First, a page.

It wasn't quite as glitzy as rival Apple's big day last week, but Waterloo Ontario's BlackBerry has had a big week after unveiling its latest smartphone, the Passport, to the world on Wednesday.

The device's main distinguishing characteristic is a square, 4.5-inch screen, designed to be reminiscent of an actual passport. That's a departure from the direction most other smartphone companies have taken, with longer, thinner, rectangular (and, um, bendable) phones. But BlackBerry thinks that feature is going to resonate with its core user base of what are known as "enterprise" customers — serious phone users who spend their time reading spreadsheets and finalizing legal documents, not just playing Angry Birds.

BlackBerry's problems are well documented, but in the early hours and days following the launch, the early reviews are looking pretty positive. The company sold 200,000 phones within two days of launch, CEO John Chen said Friday, enough to take the project to profitability already.

The phone was actually sold out online within hours on BlackBerry's site and on Amazon — something that has to be encouraging for a former tech titan that's fallen on tough times. As technology expert Bob O'Donnell told The Exchange this week, "let's be honest. There's still huge red flags, there's huge concerns [but] I'm cautiously optimistic."

Passport to recovery

BlackBerry wasn't the only business name looking for a fresh start this week. The Rockefeller family, descendants of J.D. Rockefeller, announced a drastic shift in the way the company manages its money this week.

Rockefeller made his billions buying up oil assets across America right before Uncle Sam's unquenchable thirst for fossil fuels began in the late 19th century. Rockefeller amassed so much wealth that when adjusted for inflation, it's believed he was the richest man who ever lived, worth almost $350 billion in today's dollars.

But that was all in the past, his family insists, and the fun that manages much his heirs' remaining wealth committed this week to cleaning up its act.

The Rockefeller Brothers Fund, worth some $860 million at last count, pledged on Monday to sell off all of its fossil fuel assets and move that money into renewable energy investments.

"if he were alive today," fund president and Rockefeller descendant Stephen Heintz said,  "as an astute businessman looking out to the future, he would be moving out of fossil fuels and investing in clean, renewable energy."

Critics have dismissed the move as largely symbolic (after all, the family made billions of dollars for more than a century off fossil fuels) but the move is nonetheless an important one. It's part of a wider global push to develop sustainability by focusing on the legitimate investment opportunities of clean energy.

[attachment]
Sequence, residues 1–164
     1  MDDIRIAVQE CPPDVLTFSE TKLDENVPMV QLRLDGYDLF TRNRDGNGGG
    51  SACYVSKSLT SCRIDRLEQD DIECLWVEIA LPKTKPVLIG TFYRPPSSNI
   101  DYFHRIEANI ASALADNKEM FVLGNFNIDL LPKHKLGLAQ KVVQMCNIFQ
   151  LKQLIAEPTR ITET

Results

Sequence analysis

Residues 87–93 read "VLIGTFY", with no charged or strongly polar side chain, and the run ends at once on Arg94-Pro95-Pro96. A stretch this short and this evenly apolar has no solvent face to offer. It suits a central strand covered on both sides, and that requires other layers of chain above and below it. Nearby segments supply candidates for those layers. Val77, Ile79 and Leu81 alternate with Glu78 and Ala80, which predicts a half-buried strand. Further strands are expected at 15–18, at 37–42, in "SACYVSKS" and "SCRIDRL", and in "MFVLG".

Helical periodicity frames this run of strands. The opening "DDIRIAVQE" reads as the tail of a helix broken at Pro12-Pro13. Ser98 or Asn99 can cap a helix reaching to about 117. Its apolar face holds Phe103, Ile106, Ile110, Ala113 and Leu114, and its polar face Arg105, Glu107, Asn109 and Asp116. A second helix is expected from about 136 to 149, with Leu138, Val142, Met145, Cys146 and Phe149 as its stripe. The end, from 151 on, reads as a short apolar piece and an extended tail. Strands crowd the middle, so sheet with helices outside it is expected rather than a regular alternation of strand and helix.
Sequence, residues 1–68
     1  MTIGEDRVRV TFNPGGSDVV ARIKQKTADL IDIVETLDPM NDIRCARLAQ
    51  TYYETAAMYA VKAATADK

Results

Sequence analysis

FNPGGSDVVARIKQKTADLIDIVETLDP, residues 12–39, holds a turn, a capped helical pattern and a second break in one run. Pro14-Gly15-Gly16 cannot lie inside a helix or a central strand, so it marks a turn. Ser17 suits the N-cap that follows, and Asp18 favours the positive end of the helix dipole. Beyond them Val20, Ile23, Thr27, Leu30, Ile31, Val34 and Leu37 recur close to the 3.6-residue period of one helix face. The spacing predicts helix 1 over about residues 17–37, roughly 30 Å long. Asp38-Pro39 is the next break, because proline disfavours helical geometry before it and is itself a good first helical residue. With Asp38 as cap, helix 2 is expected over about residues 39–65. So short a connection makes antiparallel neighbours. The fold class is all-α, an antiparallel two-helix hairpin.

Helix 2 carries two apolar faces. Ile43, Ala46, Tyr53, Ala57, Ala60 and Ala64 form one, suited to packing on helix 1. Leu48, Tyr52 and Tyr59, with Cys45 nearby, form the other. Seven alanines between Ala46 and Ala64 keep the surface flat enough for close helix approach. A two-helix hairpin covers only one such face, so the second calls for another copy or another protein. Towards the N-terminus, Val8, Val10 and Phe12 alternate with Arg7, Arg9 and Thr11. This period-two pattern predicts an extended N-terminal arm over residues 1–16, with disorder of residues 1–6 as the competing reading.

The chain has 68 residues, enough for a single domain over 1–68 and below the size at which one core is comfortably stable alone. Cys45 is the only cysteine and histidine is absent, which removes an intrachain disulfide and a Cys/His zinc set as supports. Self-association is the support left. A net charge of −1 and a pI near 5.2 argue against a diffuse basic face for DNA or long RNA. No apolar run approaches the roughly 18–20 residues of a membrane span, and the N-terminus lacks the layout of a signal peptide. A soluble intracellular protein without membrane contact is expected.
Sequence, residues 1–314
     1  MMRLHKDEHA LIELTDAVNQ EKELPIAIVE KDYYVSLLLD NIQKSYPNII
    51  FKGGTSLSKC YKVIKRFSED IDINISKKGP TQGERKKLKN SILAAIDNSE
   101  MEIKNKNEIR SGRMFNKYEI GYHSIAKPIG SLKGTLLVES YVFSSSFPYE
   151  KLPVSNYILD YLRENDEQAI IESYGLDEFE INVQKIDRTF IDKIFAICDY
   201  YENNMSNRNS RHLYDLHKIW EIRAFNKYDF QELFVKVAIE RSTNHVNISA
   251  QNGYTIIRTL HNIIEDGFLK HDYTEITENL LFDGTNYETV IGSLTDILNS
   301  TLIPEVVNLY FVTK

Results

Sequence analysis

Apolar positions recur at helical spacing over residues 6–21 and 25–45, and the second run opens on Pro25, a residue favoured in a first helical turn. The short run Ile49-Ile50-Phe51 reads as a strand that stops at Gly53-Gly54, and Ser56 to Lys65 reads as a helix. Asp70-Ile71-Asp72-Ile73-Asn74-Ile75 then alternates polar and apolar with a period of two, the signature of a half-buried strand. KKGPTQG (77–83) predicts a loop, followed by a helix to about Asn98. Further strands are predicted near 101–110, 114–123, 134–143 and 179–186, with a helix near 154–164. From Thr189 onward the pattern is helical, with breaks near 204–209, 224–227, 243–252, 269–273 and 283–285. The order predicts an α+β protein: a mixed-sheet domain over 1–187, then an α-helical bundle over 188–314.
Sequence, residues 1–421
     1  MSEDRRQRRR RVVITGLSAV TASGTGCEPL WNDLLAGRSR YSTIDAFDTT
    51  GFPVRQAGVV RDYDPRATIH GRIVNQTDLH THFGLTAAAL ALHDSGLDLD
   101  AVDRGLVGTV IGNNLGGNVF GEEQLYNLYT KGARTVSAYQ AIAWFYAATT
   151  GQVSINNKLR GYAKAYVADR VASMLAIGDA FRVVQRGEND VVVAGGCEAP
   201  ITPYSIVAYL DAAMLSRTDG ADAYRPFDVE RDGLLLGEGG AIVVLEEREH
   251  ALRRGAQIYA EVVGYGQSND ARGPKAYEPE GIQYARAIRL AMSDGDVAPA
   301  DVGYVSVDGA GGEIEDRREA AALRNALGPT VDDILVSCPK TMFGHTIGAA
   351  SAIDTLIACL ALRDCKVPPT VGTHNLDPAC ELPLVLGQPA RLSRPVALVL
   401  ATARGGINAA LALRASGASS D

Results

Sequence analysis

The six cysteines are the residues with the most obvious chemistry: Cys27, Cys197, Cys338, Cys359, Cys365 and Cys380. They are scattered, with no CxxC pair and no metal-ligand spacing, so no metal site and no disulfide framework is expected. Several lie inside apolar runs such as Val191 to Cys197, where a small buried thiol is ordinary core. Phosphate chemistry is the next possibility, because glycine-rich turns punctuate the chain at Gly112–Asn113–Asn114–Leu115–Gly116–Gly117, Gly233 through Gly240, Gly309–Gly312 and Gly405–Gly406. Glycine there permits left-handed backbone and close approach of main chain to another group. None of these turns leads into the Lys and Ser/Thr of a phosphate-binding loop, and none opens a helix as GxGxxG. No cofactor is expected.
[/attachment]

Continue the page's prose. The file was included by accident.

At last count more than 180 institutional investors, worth some $50 billion in assets, have joined the pledge. But none likely as symbolically important as the scions of Standard Oil getting out of the oil business.

Wage gap's an age trap

From one group trying to decide where to park their millions, we heard this week about another just trying to get its hands on some. 

The Conference Board of Canada put out new research this week full of new figures to confirm what had long been suspected — when it comes to finances, the kids are really not alright.

The current generation of 25 to 29 year olds are way behind financially compared to their parents at the same age, the report found. Since the 1980s, the gap between how much money young workers make and how much older ones do has widened, a lot.

"There is a pattern here that says the baby boom generation did very well for itself, it's children have been clearly left behind," the report's author told CBC's Dianne Buckner this week.

Even among the generation in trouble, there was a wide divide between the sexes. The report found today that the gap between what women make early in their career compared to the end was about eight per cent 30 years ago. Today, that figure has skyrocketed to 43 per cent — although the Board acknowledges those numbers are skewed by the comparatively small number of women who were in the workforce in 1984.

Economists bleating about the fate of Millennials may be nothing new. But baby boomers dependent on new workers to create the tax base to support social programs like health care may ultimately pay the price for that jobless lump taking up space in the basement.

Lousy business (but a good one)

Speaking of uninvited house guests, the CBC's Sophia Harris told us this week about the return of a parasite that many people haven't had to deal with in a while: head lice.

Head lice are back, it seems, and for any parent who's had to deal with the social stigma they can entail (to say nothing about the painstaking removal process) they can be a headache.

But one man's crisis is another man's opportunity. Entrepreneurs like Dawn Mucci have built up a thriving business on weeding the little critters out, for good. Since forming her business 12 years ago, Mucci has expanded to 22 locations across the country, and says she's growing by about 25 per cent a year.

And it doesn't come cheap: a 90-minute session can cost up to $200. But business is so booming, she says, that she can't expand fast enough to keep up with demand overseas.

Not finding enough people willing to kill vermin for $75 an hour? Talk about a head-scratcher.

Other stuff

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